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Foreign nationals allowed to come to Canada for work despite coronavirus measures

March 27, 2020

Canada has pulled back on some coronavirus measures to allow entry to work permit holders

Work permit holders are now allowed to enter Canada even if they were approved after the government issued a travel ban to stop the spread of coronavirus.

In an earlier version of the ban, it appeared a number of people would not be allowed to travel to Canada if their permits were approved after March 18.

Now work permit holders, even those outside the U.S., are allowed to fly to Canada as long as they are not presenting coronavirus symptoms. Travelers who do present symptoms may still be able to enter by land but must self-isolate.

It is now mandatory for all travelers to self-isolate for 14 days after entering Canada from abroad. The only exception to this rule is for truck drivers who regularly cross the Canada-U.S. border to maintain the flow of goods.

Canada has also implemented some temporary modifications to the Labour Market Impact Assessment (LMIA) process for agriculture and food-processing employers. The required two-week recruitment period will be waived for the next six months. They will also increase the maximum allowable employment duration for workers in the Temporary Foreign Worker Program low-wage stream from one to two years.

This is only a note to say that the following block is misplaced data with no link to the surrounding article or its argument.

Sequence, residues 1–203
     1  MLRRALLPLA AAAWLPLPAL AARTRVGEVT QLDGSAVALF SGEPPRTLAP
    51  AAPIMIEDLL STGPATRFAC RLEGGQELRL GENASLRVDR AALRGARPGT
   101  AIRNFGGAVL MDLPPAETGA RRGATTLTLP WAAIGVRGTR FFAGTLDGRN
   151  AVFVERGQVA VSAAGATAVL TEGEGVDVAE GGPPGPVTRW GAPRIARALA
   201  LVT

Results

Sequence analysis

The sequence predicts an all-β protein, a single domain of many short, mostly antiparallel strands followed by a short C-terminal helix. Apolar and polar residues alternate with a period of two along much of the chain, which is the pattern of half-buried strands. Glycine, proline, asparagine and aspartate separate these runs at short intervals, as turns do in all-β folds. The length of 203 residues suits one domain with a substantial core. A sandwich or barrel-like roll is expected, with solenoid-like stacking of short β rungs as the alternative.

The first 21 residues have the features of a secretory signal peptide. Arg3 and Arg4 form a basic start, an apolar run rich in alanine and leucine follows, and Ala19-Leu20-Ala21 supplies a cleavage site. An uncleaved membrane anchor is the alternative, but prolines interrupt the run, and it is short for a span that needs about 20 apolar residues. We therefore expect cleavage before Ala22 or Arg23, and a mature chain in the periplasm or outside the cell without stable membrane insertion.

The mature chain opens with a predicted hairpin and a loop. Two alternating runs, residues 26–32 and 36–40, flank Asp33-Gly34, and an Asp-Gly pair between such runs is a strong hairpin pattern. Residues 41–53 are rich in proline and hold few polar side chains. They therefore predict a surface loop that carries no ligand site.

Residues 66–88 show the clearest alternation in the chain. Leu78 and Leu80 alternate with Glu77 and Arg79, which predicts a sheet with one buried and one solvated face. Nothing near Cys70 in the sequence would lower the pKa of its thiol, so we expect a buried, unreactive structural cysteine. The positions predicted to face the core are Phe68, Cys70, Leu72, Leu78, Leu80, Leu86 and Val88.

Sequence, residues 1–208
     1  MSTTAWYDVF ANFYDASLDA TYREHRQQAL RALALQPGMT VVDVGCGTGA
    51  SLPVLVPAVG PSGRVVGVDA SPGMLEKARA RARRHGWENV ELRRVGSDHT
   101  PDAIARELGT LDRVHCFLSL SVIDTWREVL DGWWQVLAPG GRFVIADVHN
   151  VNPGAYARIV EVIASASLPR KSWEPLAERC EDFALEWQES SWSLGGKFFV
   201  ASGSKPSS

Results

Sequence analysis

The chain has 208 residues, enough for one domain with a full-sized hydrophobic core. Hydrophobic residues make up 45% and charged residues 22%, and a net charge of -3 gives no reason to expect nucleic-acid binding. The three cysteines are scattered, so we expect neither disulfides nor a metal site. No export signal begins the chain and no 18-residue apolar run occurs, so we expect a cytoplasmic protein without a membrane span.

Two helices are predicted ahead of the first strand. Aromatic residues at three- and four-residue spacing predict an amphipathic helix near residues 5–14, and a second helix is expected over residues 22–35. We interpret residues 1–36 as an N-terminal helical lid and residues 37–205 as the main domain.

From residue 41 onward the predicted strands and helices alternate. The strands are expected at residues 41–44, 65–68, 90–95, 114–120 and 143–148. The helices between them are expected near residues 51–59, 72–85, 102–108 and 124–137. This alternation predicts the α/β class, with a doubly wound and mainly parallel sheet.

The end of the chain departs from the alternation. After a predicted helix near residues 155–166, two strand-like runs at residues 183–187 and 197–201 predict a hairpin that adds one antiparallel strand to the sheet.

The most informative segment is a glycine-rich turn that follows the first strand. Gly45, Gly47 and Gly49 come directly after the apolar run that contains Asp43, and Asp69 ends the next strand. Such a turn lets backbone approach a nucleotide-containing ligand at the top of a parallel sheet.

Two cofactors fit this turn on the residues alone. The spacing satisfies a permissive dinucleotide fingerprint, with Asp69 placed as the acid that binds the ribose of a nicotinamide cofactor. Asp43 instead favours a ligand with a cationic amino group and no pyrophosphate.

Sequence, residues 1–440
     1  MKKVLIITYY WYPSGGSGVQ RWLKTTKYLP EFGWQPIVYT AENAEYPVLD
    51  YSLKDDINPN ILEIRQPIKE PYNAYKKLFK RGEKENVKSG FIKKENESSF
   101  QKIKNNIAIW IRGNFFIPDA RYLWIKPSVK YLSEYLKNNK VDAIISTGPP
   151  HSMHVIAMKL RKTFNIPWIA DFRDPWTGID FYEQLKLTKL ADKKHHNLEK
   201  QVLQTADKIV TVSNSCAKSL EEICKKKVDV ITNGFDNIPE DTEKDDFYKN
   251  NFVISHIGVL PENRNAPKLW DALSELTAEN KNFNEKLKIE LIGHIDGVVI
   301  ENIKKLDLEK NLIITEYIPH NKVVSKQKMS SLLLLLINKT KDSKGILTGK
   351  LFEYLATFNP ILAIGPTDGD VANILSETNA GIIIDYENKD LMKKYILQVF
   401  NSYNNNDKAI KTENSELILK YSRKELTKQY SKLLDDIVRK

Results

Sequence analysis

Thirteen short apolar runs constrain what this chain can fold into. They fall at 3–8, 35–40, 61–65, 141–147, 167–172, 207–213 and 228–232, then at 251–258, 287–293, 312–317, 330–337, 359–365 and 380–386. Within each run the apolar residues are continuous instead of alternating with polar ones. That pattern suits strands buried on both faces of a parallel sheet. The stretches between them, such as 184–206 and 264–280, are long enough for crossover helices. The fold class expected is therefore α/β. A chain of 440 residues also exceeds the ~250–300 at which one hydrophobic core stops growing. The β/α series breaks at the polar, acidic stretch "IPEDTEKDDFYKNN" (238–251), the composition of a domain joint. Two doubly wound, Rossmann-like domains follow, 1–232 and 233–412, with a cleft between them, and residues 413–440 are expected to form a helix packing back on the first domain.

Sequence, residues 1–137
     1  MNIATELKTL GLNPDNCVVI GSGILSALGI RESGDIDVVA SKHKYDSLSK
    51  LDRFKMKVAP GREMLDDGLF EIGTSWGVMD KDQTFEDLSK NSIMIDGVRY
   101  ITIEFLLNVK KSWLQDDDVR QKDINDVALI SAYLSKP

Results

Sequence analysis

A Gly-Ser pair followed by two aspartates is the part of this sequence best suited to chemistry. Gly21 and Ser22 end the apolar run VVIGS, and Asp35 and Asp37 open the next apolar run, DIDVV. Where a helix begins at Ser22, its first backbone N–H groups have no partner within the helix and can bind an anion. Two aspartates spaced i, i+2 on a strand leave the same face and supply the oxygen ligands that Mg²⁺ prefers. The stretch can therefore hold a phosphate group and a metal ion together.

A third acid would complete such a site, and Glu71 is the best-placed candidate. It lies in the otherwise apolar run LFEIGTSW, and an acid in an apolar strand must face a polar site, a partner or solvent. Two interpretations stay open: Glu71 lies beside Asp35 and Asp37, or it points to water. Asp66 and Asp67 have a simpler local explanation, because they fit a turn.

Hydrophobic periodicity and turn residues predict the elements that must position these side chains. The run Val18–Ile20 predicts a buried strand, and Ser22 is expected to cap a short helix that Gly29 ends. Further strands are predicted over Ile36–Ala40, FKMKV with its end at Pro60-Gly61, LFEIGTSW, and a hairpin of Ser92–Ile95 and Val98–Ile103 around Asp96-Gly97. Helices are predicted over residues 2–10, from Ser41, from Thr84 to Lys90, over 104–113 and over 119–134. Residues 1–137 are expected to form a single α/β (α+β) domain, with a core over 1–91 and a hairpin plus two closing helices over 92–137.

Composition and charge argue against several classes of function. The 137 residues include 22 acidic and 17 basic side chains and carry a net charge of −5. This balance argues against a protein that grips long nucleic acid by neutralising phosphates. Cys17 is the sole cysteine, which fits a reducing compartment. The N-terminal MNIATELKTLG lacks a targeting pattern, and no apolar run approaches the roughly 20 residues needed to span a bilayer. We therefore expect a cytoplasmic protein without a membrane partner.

Immigration Refugees and Citizenship Canada (IRCC) will not close or refuse any application in progress due to a lack of documentation. They will also not decline applicants who are unable to complete certain steps in the process such as giving biometrics or completing a medical exam.

Extending temporary resident status once in Canada

Temporary residents in Canada can apply to extend their status online and are allowed to remain in the country until a decision is made on their new application.

If their initial temporary residence status expires while they are waiting for that decision, they are still allowed to stay in Canada but will be on “implied status.”

Traveling to a port of entry to apply directly to a border services officer is not considered “essential travel,” and applicants will be denied service.